Accounts may differ; even who
she was, but all agree: what she
did then will live in memory.'

She bathed your feet;
her tears excessive;
excessive, too, the oil.

Who were the other guests?
Was one a patron? Was
this woman of the city
beautiful or plain?

Her hair to dry the tears;
she covered your feet with kisses
and ointment smooth and soft
as a woman’s hands.

Her touch revealed a deeper
innocence that belied her past.
What bond? What intimacy?

Weeks later, in an upper room,
you took off your outer garment,
wrapped a towel around your waist.
Did you think of her?

You grasped their feet,
the dirty toes, the water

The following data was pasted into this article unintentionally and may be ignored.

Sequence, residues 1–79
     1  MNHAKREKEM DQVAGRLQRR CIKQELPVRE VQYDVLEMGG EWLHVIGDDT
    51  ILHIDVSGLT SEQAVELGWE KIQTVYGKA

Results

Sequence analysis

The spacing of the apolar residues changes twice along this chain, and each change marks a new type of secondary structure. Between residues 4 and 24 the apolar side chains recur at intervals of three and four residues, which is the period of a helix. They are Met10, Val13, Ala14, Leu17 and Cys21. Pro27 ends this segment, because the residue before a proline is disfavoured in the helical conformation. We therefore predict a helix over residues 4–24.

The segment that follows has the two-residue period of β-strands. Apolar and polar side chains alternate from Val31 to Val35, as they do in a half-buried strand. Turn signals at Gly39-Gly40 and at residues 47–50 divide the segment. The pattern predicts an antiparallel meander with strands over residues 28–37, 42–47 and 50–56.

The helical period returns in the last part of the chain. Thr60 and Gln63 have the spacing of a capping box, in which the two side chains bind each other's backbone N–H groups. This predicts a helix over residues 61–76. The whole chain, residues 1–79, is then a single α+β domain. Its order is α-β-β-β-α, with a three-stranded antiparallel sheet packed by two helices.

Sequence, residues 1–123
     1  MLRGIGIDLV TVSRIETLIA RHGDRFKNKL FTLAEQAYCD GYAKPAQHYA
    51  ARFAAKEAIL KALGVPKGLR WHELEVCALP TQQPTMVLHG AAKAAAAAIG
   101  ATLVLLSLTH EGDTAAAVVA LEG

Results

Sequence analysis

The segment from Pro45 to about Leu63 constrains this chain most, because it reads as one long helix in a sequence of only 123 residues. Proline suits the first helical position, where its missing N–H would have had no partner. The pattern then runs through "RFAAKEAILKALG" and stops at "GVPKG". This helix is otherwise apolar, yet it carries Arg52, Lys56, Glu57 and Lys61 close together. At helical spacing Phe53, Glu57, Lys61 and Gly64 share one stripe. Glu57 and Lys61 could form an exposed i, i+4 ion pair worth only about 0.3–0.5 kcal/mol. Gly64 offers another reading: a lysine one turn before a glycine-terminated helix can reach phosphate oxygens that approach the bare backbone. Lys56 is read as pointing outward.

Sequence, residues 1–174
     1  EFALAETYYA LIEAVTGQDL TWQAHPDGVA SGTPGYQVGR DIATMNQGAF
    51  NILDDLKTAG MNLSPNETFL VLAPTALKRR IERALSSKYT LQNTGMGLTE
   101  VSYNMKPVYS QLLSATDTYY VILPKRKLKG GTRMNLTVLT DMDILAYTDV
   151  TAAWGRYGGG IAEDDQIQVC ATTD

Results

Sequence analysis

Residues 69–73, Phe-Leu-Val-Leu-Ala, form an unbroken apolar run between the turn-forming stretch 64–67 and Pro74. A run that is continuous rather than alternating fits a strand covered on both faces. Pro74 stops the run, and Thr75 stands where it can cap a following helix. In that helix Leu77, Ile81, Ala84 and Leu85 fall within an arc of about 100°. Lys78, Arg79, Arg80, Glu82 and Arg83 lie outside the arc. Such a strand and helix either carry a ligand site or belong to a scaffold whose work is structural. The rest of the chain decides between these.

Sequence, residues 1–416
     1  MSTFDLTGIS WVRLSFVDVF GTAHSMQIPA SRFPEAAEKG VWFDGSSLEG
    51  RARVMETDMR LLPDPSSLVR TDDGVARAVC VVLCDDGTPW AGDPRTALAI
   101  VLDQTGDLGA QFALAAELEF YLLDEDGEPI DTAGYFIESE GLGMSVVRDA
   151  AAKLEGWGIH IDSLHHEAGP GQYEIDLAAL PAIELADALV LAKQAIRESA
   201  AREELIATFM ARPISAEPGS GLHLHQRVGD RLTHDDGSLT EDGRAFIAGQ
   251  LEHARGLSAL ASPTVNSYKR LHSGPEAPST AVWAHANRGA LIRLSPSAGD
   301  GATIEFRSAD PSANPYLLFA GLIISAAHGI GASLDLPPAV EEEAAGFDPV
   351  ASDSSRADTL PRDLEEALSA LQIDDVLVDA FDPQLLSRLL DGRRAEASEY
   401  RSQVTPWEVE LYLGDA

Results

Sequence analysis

warm; a firm yet gentle touch.

The water soothing,
strong hands relaxed the sinews
in their feet and calves.

The flesh feels new, smooth
to the touch, a woman’s skin.
Their feet have never
felt so clean.

Your act transports them
back to childhood, even
unremembered infancy.

How can a man
whose feet are bathed
think evil thoughts?
How can they not
be touched, even unmanned?

The joy that touch evokes
flows out among them
like a river, or a stream
of tears. No need for the command.

Ed Block © 2019
from Banners of Longing
published by permission

(see author's web site at Greendale Brush & Quill)

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